5 Things to Learn From Rolex (Even if You’re Not an Eventer)

We’ve still got showjumping to go, but after this year’s dressage and XC phases, there are plenty of lessons to learn from some of the top riders in the world.

[Top image: Rolex 2007, Wikimedia Commons: Eventer]

If you’re an amateur rider watching videos of Rolex this weekend, it’s easy to think that level of success is unattainable. And yeah, it’s true that few of us will ever have the horse or the skill to navigate a 4* course. But when it comes down to it, riding is all about a few major principles that always stay the same, no matter if your goal is just to get your trail horse through a big puddle or to learn how to sit the trot. Here are a few commonalities I’ve noticed throughout this Rolex weekend.

Ride the horse you have on the day of the test. Windy weather,¬† huge crowds, and probably some 4*-level nerves created some problems for riders in the dressage phase, but all of the riders did their best to help their horses through the tense atmosphere. That “the show must go on” forward-thinking mentality is something to take to heart when a fire-breathing monster steps off the trailer at your next show and you need to adjust your strategy!

Accuracy, accuracy, accuracy. It holds true for all three days of the event, but you definitely don’t want to set your horse up badly when you’re jumping a wooden duck that’s at least as tall as you are. And accuracy is something all riders can practice, whether it’s making sure you don’t cut any corners while walking around the arena, or trotting exactly straight through cavalletti. The principle is the same!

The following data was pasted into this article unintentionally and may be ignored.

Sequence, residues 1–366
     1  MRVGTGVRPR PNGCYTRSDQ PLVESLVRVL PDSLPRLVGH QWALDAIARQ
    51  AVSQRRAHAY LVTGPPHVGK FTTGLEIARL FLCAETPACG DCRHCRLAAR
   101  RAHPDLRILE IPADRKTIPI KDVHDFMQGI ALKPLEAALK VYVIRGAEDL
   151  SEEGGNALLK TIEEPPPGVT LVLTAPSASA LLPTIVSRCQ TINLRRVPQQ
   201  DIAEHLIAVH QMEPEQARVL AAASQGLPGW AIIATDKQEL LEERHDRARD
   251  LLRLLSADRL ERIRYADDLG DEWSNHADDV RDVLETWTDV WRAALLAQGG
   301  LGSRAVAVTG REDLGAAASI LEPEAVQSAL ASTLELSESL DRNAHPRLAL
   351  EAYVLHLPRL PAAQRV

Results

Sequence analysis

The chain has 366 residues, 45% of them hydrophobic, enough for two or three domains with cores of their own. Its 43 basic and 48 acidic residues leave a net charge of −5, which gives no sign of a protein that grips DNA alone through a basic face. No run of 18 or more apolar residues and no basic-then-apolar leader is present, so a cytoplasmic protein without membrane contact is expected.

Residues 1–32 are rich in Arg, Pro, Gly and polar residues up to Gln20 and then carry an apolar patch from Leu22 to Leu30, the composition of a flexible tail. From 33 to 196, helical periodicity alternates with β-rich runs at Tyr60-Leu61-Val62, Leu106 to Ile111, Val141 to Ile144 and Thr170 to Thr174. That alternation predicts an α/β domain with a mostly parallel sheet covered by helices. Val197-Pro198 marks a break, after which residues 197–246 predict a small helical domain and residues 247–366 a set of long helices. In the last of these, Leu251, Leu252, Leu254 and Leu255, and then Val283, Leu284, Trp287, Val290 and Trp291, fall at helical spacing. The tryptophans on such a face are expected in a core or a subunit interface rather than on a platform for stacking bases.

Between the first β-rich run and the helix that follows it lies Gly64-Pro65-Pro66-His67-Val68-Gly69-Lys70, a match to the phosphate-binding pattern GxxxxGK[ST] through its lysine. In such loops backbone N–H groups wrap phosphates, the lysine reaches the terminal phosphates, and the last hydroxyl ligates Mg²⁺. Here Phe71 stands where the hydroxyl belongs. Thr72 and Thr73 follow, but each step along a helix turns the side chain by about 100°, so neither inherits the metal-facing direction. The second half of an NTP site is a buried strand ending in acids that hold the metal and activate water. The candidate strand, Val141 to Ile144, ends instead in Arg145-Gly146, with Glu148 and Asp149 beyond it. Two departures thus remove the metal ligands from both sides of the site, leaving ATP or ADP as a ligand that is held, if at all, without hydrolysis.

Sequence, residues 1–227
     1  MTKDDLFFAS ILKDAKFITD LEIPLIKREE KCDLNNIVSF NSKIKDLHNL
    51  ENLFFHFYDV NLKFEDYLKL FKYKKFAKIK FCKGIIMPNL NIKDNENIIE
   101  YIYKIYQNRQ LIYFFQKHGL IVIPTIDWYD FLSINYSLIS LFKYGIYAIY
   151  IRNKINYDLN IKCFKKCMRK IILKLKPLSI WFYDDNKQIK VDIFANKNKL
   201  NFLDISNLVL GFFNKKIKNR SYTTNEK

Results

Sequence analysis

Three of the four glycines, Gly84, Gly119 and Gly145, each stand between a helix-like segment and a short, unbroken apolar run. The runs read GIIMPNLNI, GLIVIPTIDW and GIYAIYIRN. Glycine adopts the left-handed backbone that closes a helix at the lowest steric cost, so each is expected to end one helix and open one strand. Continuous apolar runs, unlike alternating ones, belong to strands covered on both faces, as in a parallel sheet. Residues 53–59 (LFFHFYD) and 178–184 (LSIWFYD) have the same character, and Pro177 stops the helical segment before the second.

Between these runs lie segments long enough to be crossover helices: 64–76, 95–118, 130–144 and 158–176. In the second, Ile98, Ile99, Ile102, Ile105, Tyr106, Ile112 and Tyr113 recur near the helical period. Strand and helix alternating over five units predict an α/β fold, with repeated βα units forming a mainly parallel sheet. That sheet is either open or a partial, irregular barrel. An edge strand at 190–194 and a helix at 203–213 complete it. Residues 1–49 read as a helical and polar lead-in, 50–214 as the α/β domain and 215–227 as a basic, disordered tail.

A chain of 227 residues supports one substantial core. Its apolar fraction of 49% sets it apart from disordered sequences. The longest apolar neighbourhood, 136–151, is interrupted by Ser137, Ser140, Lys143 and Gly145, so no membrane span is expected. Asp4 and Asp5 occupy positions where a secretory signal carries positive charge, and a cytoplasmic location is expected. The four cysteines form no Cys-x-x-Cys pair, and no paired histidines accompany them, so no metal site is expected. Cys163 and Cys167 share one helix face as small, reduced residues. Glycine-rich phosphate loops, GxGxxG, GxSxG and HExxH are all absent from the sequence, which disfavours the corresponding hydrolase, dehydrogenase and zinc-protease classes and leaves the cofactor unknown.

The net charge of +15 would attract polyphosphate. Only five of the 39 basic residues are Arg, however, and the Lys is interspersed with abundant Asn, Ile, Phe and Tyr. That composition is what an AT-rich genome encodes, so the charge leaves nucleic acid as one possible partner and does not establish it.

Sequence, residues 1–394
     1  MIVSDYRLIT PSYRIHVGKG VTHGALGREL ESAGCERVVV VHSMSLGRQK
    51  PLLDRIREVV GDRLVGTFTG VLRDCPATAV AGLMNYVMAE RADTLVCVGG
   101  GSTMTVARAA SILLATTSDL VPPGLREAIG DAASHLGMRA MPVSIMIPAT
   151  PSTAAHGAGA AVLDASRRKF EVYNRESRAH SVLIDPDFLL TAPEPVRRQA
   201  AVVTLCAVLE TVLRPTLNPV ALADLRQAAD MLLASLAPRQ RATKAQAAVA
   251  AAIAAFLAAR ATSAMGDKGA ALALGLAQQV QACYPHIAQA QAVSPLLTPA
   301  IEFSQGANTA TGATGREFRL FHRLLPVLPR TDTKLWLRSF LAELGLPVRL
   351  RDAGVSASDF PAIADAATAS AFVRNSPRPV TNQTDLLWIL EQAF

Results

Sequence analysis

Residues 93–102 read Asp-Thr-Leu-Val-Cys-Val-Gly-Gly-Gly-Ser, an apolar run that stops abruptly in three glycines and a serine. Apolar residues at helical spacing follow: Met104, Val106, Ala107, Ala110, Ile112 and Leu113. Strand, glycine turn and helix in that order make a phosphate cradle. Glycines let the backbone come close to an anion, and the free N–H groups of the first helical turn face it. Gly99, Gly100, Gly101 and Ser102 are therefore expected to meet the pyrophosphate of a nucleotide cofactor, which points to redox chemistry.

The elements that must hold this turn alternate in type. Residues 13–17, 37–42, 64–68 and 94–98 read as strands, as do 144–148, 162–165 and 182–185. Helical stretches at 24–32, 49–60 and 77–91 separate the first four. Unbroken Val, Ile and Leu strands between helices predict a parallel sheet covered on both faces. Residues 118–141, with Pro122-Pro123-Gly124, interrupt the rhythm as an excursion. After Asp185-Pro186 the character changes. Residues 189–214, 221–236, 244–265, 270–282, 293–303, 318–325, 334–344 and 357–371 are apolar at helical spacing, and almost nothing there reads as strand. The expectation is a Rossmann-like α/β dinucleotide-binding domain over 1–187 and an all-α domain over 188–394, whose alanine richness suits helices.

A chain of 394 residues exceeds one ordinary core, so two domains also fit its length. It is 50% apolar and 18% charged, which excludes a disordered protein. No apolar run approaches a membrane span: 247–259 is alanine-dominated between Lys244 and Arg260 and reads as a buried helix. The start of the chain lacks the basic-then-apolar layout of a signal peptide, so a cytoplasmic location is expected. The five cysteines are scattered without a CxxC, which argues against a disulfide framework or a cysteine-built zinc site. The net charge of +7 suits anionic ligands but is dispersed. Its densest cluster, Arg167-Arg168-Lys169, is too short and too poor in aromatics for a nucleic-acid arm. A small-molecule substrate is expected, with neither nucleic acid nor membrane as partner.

[Eventing Nation, Jenni Autry]

Surround yourself with both your biggest cheerleaders… Whether your cheering section consists of your mom, your kid or Boyd Martin, having a strong team in your corner can only help when it comes to training, inspiration, and hands-on help. Especially when your horse gets loose, jumps two fences and takes off galloping up the driveway…not like I would know anything about that, but you know, hypothetically.

Allison Springer’s cheer squad after her killer dressage test [USEF Network]

…and your biggest competition. With legends like Buck Davidson, William Fox-Pitt, and Phillip Dutton on course with promising new faces like , you can bet that both Rolex veterans and rookies are watching each other to see and learn from how everyone handles the challenges of the event. Even if your competition consists of friends at a local schooling show, don’t miss the opportunity to figure out what they did well or not so well, and why. When watching Rolex, I find it particularly interesting to watch how riders change their position throughout the course to balance their horse while not over-tiring them.

Note Buck Davidson’s equitation in the full-body fist pump. [USEF Network]

And most importantly…

Put the horse first: With 63 horses qualified for Rolex¬† this year, it’s not surprising that we’ve had a few drop out, from Laine Ashker and Anthony Patch before the event even began, or midway on the XC course for 10% of the competitors. Eventing is dangerous, and each year I am happy to see when riders put their horses’ welfare before their own desire to win or to make a personal best.

With instantaneous coverage from Eventing Nation, it’s easier than ever to “take a lesson” from the pros. I know I’ll be watching closely for some pointers!

Go Riding!

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